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Santa Maria Sun / News

The following article was posted on January 15th, 2020, in the Santa Maria Sun - Volume 20, Issue 46 [ Submit a Story ]
The following articles were printed from Santa Maria Sun [santamariasun.com] - Volume 20, Issue 46

Santa Maria files leisure assessment, declines to adopt plan

By ZAC EZZONE

For the first time since 2013, the Santa Maria Recreation and Parks Department has completed an assessment reviewing how the community feels about existing park services and what changes residents would like to see. 


LEISURE NEEDS
Santa Maria City Council moved to file a report detailing the city’s parks and recreation needs, rather than pass a resolution adopting the plan.
FILE PHOTO BY JAYSON MELLOM

Department Director Alexander Posada presented the Santa Maria Recreation and Parks Leisure Needs Assessment and Action Plan at the City Council meeting on Jan. 7. He explained that the assessment is a flexible planning document the city can use when moving forward on future projects that includes input from more than 600 residents. 

“[This] is a snapshot in time of where the functions, operations, facilities of the Rec. and Parks Department are in the eyes of the community,” Posada said.

Despite this assessment serving as a flexible planning document, the City Council opted to only receive and file the document rather than pass a resolution adopting the plan. Councilmember Etta Waterfield raised concerns about parts of the assessment that detail the department rolling out a public art plan, which a full-time staff member would oversee.

The council discussed this public art plan at length in a December meeting, when it voted to adopt the plan but rejected a fee that would have funded the program. Waterfield said the leisure assessment makes it sound like the city is paying for the art plan through its general fund.

Similar to Waterfield, Mayor Alice Patino also raised concerns about adopting the assessment, given concerns over the public art plan and an extensive general plan update the city is conducting. She suggested the council file the assessment, but not adopt it, which would authorize Posada to begin implementing the plan.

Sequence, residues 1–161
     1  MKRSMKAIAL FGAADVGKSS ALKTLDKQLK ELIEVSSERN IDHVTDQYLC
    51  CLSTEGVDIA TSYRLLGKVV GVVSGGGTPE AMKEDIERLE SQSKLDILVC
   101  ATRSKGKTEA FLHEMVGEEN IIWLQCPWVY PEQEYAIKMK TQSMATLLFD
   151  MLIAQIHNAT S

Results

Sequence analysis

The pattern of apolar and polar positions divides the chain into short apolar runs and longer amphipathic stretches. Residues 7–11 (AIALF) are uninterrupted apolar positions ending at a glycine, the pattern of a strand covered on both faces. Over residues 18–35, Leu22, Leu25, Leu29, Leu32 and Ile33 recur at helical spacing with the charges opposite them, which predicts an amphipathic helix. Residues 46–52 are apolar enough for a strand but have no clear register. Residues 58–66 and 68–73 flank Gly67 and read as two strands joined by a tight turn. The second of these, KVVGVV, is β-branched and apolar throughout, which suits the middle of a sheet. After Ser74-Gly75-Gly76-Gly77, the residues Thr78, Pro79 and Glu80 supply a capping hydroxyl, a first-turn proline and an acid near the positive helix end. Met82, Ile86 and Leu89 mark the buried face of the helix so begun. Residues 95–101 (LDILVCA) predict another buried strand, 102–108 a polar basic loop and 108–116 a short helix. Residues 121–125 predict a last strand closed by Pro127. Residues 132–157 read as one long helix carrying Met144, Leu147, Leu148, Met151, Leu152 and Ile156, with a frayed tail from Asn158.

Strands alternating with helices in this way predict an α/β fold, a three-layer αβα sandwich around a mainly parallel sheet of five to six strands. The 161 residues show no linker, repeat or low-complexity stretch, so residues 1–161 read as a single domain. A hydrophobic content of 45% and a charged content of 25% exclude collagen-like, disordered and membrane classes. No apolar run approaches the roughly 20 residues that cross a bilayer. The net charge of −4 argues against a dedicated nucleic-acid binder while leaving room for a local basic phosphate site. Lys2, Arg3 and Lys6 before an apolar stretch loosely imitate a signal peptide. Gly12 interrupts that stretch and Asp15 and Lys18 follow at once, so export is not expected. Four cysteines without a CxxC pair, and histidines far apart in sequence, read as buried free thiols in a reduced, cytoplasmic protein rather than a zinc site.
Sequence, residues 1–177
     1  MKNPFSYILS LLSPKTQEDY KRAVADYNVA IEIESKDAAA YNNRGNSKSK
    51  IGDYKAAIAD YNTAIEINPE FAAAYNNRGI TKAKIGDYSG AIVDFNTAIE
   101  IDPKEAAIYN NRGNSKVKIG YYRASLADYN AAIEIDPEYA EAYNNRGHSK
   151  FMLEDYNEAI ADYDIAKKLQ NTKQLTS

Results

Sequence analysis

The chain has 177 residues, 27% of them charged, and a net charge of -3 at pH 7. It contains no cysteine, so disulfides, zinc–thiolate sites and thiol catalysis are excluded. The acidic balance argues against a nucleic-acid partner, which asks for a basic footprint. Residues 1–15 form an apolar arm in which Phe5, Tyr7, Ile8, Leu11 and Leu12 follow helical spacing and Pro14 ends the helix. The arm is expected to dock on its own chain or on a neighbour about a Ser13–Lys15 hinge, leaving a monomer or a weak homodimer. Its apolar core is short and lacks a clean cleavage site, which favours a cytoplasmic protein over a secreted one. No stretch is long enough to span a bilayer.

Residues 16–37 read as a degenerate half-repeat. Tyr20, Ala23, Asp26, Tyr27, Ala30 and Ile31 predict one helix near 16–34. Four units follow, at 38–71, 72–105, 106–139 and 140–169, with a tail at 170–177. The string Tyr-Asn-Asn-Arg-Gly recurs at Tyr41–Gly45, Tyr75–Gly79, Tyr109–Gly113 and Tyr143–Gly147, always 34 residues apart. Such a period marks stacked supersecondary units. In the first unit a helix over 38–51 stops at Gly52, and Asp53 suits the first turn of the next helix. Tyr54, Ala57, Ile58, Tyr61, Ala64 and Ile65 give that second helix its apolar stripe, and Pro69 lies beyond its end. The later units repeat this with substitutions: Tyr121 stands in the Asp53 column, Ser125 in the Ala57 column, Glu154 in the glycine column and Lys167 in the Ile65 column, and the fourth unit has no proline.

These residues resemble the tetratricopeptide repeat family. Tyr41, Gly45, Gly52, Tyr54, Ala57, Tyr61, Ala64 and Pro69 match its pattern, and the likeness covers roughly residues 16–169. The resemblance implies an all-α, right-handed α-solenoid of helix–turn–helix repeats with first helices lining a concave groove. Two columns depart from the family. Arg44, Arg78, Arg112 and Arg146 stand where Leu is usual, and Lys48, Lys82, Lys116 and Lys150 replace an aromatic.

“It’s a good direction; we just don’t want to be boxed in,” Patino said.

The assessment identifies services residents would like to see more of—including trails, pathways, and swimming pools—as well as ways residents said existing parks could improve, like with more lighting and restrooms. The department also identified key issues through this assessment, which GreenPlay LLC—a consultant from Colorado—completed. 

Recreation and Parks found that it collects about 12 percent of its operating costs through fees, which Posada said is a low number. As a result, the department will begin to look at ways to increase its revenue from fees while keeping in mind the limited budgets most families in the city live on.

“We need to look at fee structures and charges … so that we can get an idea of what is the tolerance level for fees,” Posada said. “It’s a balancing act.”

Councilmember Gloria Soto cast the lone vote against only filing the plan, as she instead wanted to see it implemented. She argued that adopting the plan would provide the city with a blueprint to work with when considering future park projects.

“This is just allowing us to get a real live snapshot of where we are and where we’re going,” Soto said. “Let’s use this to build our work around it.”









Weekly Poll
Should the county Public Health Department help elementary schools apply for the state’s waiver program?

Yes, that’s what the department is there for.
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Schools should have to fend for themselves; it shows whether they’re ready to handle reopening.

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